Earlier this week I saw the new movie Jurassic World, and it was fantastic. Exactly what I expected with a few surprises thrown in. One of those surprises was a climactic scene toward the end of the movie where the female protagonist flees a dinosaur…in high heels. The scene is even shown in slow motion with just the clicking of her heels on the pavement heard above the dino-fray.
A New York Times writer also noticed this and investigated the science behind high heels. Citing a review of research about the effects of high-heeled shoes on the female gait, the article asserted that “walking in high heels can alter the natural position of the foot-ankle complex, and thereby produce a chain reaction of effects that travel up the lower limb at least as far as the spine.”
Walking in high heels is tough and often dangerous. The Journal of Foot and Ankle Surgery published an article last month that studied 10 years of heel-related injuries for women in the United States, citing an increase from 7,097 in 2002 to 14,140 in 2012. Aside from blatant injuries caused by donning high heels, wearers can also suffer a range of other ailments, such as ingrown toenails, damaged leg tendons, bunions, osteoarthritis of the knee, plantar fasciitis, and more.
Yet women still wear high heels.
In a 2014 study, 49 percent of women surveyed indicated that they wear high heels despite the fact that more than 70 percent of them complained that the heels cause them pain. Some women may forgo the trend, but not everyone is on board with flats.
Earlier this month, actress Emily Blunt asserted her disappointment when several women were turned away from a screening at the Cannes Film Festival because they had opted to wear flats instead of high heels; Blunt said she thinks women should stop wearing high heels and choose flats instead; she’s more comfortable in Converse sneakers, she explained.
All of this information about the danger of wearing high heels made me wonder when the trend started and why it’s still hanging around.
Instances of high heels date back to Ancient Egypt, but their popularity soared in 15th century Persia where male soldiers wore them to better secure their stances in stirrups, allowing them to shoot their bow and arrow with a steady aim. Our European male ancestors saw this fancy footwear on Persian messengers and realized it meant keeping their aristocratic toes safe from the muck that coated Renaissance roads.
More important than cleanliness, though, was dominance. High heels imparted impressive height that left others feeling weak and overshadowed; Henry VIII was famous for his imposing stature, as he was 6’2” in the 1500s. High heels were originally meant to intimidate, not entice.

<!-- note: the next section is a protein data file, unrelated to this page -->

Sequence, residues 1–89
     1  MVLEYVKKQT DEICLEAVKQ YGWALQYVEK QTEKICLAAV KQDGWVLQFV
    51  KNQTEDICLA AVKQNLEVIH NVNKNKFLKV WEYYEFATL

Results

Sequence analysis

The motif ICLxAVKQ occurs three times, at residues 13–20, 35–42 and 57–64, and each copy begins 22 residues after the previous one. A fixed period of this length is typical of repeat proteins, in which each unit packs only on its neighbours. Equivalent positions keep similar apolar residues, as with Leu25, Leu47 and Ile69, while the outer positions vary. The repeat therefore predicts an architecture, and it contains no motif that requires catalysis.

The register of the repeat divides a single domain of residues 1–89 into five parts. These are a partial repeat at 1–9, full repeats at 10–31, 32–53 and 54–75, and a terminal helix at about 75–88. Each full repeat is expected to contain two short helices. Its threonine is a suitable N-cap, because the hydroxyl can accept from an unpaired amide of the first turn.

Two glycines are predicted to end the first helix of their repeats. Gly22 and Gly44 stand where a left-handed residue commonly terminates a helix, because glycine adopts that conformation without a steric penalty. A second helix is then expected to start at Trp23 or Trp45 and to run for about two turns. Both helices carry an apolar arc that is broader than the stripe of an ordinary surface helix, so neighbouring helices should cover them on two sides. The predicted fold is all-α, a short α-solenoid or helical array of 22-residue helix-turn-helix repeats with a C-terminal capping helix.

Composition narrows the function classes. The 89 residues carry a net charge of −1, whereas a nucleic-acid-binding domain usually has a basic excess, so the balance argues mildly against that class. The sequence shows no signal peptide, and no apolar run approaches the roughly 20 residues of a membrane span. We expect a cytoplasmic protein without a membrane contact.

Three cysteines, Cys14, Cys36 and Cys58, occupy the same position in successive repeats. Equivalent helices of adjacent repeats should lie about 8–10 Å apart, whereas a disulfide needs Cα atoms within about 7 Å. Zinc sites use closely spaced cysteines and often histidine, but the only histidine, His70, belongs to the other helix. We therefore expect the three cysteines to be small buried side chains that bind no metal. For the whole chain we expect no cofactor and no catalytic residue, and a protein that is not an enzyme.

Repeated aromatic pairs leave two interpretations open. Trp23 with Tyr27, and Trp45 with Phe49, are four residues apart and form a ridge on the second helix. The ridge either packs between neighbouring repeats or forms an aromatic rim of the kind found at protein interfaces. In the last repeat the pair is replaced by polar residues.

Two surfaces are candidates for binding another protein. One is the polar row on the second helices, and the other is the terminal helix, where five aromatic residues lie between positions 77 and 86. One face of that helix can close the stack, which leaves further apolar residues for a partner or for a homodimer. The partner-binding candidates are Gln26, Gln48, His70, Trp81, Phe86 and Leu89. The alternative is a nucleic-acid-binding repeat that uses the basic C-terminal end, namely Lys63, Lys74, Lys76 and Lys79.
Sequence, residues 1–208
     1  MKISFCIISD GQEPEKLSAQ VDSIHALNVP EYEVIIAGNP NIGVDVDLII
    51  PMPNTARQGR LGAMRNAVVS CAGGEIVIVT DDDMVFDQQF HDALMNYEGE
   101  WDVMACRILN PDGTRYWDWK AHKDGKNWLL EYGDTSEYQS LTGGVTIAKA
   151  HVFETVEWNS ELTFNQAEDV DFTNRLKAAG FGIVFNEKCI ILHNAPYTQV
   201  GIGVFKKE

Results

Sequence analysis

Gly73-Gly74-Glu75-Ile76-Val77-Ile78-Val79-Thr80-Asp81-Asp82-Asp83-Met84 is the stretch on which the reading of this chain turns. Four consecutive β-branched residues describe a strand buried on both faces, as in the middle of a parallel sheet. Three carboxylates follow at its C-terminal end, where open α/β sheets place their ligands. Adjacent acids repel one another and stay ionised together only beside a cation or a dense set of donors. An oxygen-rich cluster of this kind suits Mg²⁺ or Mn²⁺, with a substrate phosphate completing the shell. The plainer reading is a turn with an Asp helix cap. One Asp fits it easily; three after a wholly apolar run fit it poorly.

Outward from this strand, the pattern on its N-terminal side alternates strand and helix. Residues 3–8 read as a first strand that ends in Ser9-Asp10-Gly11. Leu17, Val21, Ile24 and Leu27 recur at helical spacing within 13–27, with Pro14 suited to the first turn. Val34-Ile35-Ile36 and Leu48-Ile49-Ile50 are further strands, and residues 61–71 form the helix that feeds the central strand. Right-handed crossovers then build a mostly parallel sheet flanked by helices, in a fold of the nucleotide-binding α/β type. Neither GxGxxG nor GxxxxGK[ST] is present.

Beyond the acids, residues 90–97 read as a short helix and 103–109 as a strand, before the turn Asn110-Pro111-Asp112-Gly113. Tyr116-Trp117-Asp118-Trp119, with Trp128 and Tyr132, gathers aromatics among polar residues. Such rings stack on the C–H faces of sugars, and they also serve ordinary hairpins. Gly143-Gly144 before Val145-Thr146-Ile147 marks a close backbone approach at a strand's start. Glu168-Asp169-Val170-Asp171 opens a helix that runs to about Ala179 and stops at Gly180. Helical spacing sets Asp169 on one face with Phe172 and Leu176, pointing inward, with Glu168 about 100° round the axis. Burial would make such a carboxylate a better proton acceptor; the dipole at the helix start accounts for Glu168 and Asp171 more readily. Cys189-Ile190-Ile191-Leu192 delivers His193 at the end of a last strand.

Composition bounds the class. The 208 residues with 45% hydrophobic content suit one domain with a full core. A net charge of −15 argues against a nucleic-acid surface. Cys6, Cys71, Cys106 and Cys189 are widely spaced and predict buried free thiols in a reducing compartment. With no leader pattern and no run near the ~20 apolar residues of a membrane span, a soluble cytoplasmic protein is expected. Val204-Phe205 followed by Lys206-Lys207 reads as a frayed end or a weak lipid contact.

During the 16th century, Italian courtesans (the highest class of prostitutes at the time) enjoyed a number of privileges other women didn’t, but they were also expected to participate in manly activities, such as smoking, reading, drinking and…wearing high heels. These over-the-top shoes were called chopines and could be as tall as 10 inches high. And you thought Lady Gaga’s crazy shoes were so original.
The male fashion for wearing high heels continued, thanks in large part to French King Louis XIV (who actually started the red sole trend, not Christian Louboutin) and British King Charles II. The 17th century saw rise in non-courtesan women adopting many male fashion trends, including high heels.
After the French revolution, societal norms shifted and the previously sought-after dominance was no longer en vogue, so fashion eschewed the tall trend. High-heeled wearing women can thank French photographers for bringing the fad back into style; they were taking photos for pornographic postcards and realized a few extra inches on a woman’s foot did wonders for her derriere. Once high heels became associated with women, men abandoned the trend because its status had diminished.
Walking the Line
Despite the dangers, women continue wearing high heels and may well until they can no longer walk—in them or otherwise. High heels are fashion-forward and a bit precarious, making them ever so stylish. If you’re a fan of high heels, no doubt you’ve felt the pain of breaking in a new pair of stilettos. Avid heel wearers can take a few preventative measures to save their feet from some pain, such as:
- Wearing flatter heels (3 inches or lower)
- Choose a thicker heel (more surface area for support)
- Change up your shoe style (each day or during the day)
- Select soles with more cushion (certain brands offer more support)
- Exercise your feet (seriously, try these moves to relieve pressure and strengthen muscles)
Even if injuries related to high heels continue to rise, women likely will continue wearing them. After all, we’ve always walked a fine line between what society expects us to do and what we want to do; why not walk that line in a pair of pretty pumps?